In this 555 timer Astable calculator, enter the values of timing capacitor C and timing resistors R1 & R2 to calculate the frequency, period and duty cycle. Here the time period is the total time it takes to complete one on/off cycle (T_{1}+T_{2), }while Duty cycle is the percentage of total time for which the output is HIGH.
555 Timer Astable Calculator Description
When a 555 timer is operating in Astable mode we obtain a pulse on the output pin whose ON time (Time high) and OFF time (Time low) can be controlled. This controlling can be done by selecting the appropriate values for the Resistor R1,R2 and capacitor C1. The circuit diagram to operate the 555 IC in Astable mode is shown be
The above circuit can be used to produce a square wave in which the high time (T1) and low time (T2) can be calculated. This method can be used to generate clock pulses for Microcontrollers/Digital IC’s or blink an LED or any other applications where specific time intervals are needed. The output wave obtained from pin 3 is shown with markings below
The time axis T is measured in seconds and the Voltage axis is measured in Volts. As said earlier how long the pulse stays high, how long the pulse stays low and the frequency of the pulse can be calculated using the value of components R1,R2 and C1 shown on the circuit diagram above.
The above 555 timer Astable calculator can be used to calculate these values, but to understand its working we need to know the following formulas based on which the calculator works.
Parameter |
Formulae |
Unit |
Time High (T1) |
0.693 × (R1+R2) × C1 |
Seconds |
Time Low (T2) |
0.693 × R2 × C1 |
Seconds |
Time Period (T) |
0.693 × (R1+2×R2) × C1 |
Seconds |
Frequency (F) |
1.44 / (R1+2×R2) × C1 |
Hertz (Hz) |
Duty Cycle |
(T1/T)×100 |
Percentage (%) |
Note: These units are applicable only when R1 and R2 is in ohms and Capacitor is in Farads
It might be hectic to try different values of Resistor and capacitors to arrive at you desired Time interval and Frequency. So, always keep these below tips in head while selecting your values
TIPS:
- Period(T) and Frequency(F) are inversely proportional
- Increase in C1 will decrease Frequency (F)
- Increase in R1 will increase High Time (T1) but will not alter low Time (T2)
- Increase in R2 will increase High Time (T1) and also increase low Time (T2)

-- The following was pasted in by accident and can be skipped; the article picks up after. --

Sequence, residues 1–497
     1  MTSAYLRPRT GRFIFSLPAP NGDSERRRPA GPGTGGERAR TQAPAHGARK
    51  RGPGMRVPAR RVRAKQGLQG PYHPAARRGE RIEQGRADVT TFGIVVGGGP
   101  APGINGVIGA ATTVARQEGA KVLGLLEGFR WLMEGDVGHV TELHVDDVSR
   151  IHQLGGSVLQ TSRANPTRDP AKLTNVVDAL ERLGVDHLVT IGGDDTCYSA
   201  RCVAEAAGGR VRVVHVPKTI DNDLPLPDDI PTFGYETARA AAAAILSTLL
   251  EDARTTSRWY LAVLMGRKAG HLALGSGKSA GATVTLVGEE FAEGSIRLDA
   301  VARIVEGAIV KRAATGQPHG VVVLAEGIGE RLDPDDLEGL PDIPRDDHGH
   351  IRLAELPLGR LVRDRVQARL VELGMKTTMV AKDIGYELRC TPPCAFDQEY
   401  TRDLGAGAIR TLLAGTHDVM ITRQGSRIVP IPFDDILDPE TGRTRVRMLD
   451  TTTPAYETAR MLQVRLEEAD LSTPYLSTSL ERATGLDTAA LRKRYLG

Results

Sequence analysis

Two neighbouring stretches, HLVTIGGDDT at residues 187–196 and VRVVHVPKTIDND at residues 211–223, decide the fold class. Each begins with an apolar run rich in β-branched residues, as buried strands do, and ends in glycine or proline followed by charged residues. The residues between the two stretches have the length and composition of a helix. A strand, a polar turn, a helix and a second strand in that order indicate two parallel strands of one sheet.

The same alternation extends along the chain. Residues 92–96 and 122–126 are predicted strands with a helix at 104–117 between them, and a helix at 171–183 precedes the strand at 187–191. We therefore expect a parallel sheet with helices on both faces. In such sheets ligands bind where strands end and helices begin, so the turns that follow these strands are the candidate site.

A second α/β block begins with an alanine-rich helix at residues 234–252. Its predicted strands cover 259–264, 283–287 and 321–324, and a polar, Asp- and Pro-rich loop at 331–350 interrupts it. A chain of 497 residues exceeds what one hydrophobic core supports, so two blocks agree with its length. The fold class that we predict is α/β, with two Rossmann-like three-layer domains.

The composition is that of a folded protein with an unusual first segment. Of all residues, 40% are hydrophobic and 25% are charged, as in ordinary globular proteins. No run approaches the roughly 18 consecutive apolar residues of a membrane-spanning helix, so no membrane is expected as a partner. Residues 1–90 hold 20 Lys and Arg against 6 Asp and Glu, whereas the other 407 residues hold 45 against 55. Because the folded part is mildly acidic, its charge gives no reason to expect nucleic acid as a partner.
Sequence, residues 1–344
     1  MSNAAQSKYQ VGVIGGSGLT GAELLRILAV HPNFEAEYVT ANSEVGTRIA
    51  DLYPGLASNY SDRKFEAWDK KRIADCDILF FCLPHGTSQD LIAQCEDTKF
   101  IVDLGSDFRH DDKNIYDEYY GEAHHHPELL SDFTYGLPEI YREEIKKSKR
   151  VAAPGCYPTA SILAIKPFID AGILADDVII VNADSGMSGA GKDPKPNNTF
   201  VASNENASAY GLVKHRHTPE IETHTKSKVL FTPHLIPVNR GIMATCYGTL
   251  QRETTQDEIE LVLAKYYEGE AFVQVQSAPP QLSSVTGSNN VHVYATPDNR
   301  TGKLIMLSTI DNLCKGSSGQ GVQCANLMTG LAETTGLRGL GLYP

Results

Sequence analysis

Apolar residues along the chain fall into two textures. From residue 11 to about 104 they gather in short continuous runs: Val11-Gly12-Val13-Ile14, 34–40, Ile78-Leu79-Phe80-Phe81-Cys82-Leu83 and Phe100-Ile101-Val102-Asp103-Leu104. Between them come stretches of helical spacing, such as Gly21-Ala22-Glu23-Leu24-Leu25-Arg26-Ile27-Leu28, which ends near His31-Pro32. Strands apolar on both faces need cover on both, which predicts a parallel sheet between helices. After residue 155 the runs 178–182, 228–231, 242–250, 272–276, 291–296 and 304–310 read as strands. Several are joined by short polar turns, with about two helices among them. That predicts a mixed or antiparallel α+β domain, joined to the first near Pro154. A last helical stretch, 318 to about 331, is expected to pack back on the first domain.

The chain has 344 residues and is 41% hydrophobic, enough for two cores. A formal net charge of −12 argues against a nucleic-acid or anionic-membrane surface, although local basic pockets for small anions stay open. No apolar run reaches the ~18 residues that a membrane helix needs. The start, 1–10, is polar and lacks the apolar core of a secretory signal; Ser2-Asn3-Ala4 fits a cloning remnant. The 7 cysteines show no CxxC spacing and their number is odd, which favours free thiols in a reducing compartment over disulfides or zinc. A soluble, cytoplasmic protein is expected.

- So, always set T2 first and then T1
- Increase in R2 will decrease duty cycle
Once we have all these details, we can get to know the complete properties of the output wave. To get used to the formulas lets calculate the value for parameters using these formulas for the circuit diagram given above.
Model Calculation
In our circuit diagram the value of Resistors R1 and R2 is 1K and 100K respectively, the value of capacitor C1 is 10uf.
So, R1 = 1K; R2 = 100K and 10uF
Or can be written as R1=1000 Ohms; R2=100000 Ohms, C1=0.00001 Farads
The Time high (T1) is the amount of time during which the pulse stays high (5V) in the output wave. This can be calculated as
Time high (T1) = 0.693 × (R1+R2) × C1
= 0.693 × (1000 +100000) × 0.00001
= 0.699 seconds
T1 = 699 milliseconds
The Time low (T2) is the amount of time during which the pulse stays low(0v) in the output wave. It can be calculated as
Time low (T2) = 0.693 × R2 × C1
= 0.693 × 100000 × 0.00001
= 0.693 seconds
T2 = 693 milliseconds
The time Period (T) is the sum of Time low and Time high. Changing wither Time high or time low will affect the Total time period T
Time Period (T) = 0.693 × (R1+2×R2) × C1 or (T1+T2)
= 0.693 × (1000 +2×100000) × 0.00001 or (0.699+0.693)
T = 1.393 seconds
As we all know frequency is just the inverse of time. There are certain applications like a servo motor control where the pulse has to be in a certain frequency for the driver circuit to respond. The frequency can be calculated as
Frequency (F) = 1.44 / (R1+2×R2) × C1 or (1/T)
= 1.44 / (1000 +2×100000) × 0.00001 or (1/1.393)
F = 0.718 Hertz
Duty Cycle is always given in terms of percentage, if high time is equal to low time then the pulse has 50% duty cycle and if the off time is zero then it has 100% duty cycle. We can calculate the duty cycle as.
Duty Cycle = (T1/T) × 100
= (0.966/1.393) × 100
DC = 50.249 %
Likewise we can calculate these parameters for any value of Resistor and Capacitor. Using the 555 timer calculator will really come in handy when you are designing a new circuit for your project.